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Marking photos – takes too long

This topic contains 4 replies, has 4 voices, and was last updated by  David C 1 year, 8 months ago.

  • Author
  • #135797

    David C

    Marking the backs of photos has been asked before. The answer I see most often is to use a soft dull #2 pencil. This works good on older photos.

    Many photos from the 1980’s and going forward have a waxy or greasy feel to the backs. It takes me at least a minute just to write something like “H-LP 1234” on the backs. For many individual digits and letters I have to go over the character a dozen times before it even comes close to being legible. Zeros are easy; I just keep going around in a circle. But the other characters are a real pain.

    Isn’t there SOMETHING other than a soft dull #2 pencil we can use that is safe and won’t bleed through on newer waxy or greasy photos? Maybe a crayon?

    David Cranston, Curator
    Hadley-Lake Luzerne Historical Society
    52 Main St – PO Box 275
    Lake Luzerne, NY 12846

  • #135799

    Sharon McCullar

    This is a problem I also have experienced. I have had some success with a type of pencil used by scrapbookers to mark photographs. I used the Creative Memories photo labeling pencil for a long time but as I understand it this is no longer available. It made a nice dark mark without a lot of effort or retracing.
    As an alternative, I have also used artist pencils, called watercolor pencils to mark on the slick backs of these modern photos. One brand is called Aquarelle. Slightly moistening the tip makes the mark go on smoothly. You will have to be careful to sleeve the photos because the watercolor pencil is soft and water soluble so there is a risk of transfer if one just marks and stacks but I am in the habit of marking, letting it dry a moment while I scan and then sleeving as I process.
    I have had too much trouble with the soft lead regular pencil with too much pressure being applied during the marking process and, as you experienced, a poor quality mark.
    I welcome suggestions of other alternatives for a nice dark mark on this type of photograph paper.

    Sharon McCullar

  • #135800

    Maggie Wessling

    Hi David and Sharon,
    I recommend a woodless pencil made by a company called Koh-I-Noor called the “Progresso 8911/9B”. This is a very soft pencil and writes beautifully on fiber based and resin coated photograph papers. I would recommend not sharpening the point too sharp, and writing with your photograph on a hard surface so you don’t impress the paper or the image. Other companies also make soft pencils that will work on photographs and you just need to look for a higher number with a B- like 8B or 9B. I would not recommend the Aquarelle water-soluble pencils in case the marks do ever get wet and run and then you lose your number!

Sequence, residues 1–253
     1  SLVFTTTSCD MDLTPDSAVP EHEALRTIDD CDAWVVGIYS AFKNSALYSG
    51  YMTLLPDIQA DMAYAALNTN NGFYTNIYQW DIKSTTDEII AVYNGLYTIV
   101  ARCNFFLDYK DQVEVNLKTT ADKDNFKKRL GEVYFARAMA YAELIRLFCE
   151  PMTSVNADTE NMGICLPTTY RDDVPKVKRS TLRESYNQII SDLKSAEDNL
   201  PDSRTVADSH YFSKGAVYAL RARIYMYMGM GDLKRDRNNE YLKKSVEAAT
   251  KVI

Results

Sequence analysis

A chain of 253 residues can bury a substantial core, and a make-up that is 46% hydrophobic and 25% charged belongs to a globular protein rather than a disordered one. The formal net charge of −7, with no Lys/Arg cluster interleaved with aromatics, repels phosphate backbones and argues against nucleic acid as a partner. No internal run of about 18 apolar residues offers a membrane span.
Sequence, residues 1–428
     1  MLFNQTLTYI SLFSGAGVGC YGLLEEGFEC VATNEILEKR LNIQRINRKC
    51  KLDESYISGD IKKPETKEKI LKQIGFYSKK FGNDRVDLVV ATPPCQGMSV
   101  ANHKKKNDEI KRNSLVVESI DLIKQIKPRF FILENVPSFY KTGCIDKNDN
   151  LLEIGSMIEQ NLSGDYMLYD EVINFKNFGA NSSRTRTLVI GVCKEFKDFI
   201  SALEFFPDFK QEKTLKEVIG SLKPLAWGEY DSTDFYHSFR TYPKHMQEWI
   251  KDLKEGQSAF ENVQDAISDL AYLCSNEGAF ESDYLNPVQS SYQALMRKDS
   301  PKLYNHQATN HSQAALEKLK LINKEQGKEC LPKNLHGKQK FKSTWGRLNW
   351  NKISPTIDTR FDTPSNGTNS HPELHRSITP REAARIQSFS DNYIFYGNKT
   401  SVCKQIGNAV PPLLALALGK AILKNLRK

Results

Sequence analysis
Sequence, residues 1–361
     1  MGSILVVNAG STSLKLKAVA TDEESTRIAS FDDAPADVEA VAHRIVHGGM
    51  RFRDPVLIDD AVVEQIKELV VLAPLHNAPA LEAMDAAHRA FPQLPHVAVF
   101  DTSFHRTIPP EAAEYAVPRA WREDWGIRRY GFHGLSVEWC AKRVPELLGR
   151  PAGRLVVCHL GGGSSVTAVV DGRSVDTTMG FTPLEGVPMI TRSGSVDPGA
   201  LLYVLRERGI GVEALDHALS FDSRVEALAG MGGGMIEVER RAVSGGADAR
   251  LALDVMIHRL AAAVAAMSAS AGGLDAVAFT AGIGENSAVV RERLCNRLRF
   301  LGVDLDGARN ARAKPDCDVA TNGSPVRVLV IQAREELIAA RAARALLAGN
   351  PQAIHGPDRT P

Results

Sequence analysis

Good luck,
    Maggie Wessling

  • #135801


    I use a Prismacolor, non-photo blue pencil you can find on Gaylord. It works really well.

  • #135814

    David C

    I purchased a non-photo blue pencil several months ago (made by Staedtler) in an arts and craft supply store. Don’t know if it is the same as the one offered by Gaylord or not. It did not help. Lately I read that “non-photo blue” is the name for a shade of blue… because it does not photocopy good in gray tones. I’ll bet the one I bought was just an ordinary everyday colored pencil.

    A few days ago I found prismacolor brand pencils at a small non-chain arts and craft store that also sells a few “archival” products. I took one of our photos with me just to see how it worked. The non-photo blue worked, but it was too light in color. I tried the black (#PC-935) and it was legible. I bought two of them. I think I’ll go back and also buy the non-blue for those times when we have a photo with original writings on the back of a photo.

    The non-chain store also had the woodless pencils made by Koh-I-Noor, but they had 12B; not 9B. The 12B was too soft and I had to make my letters big.

    Thank you for your input.

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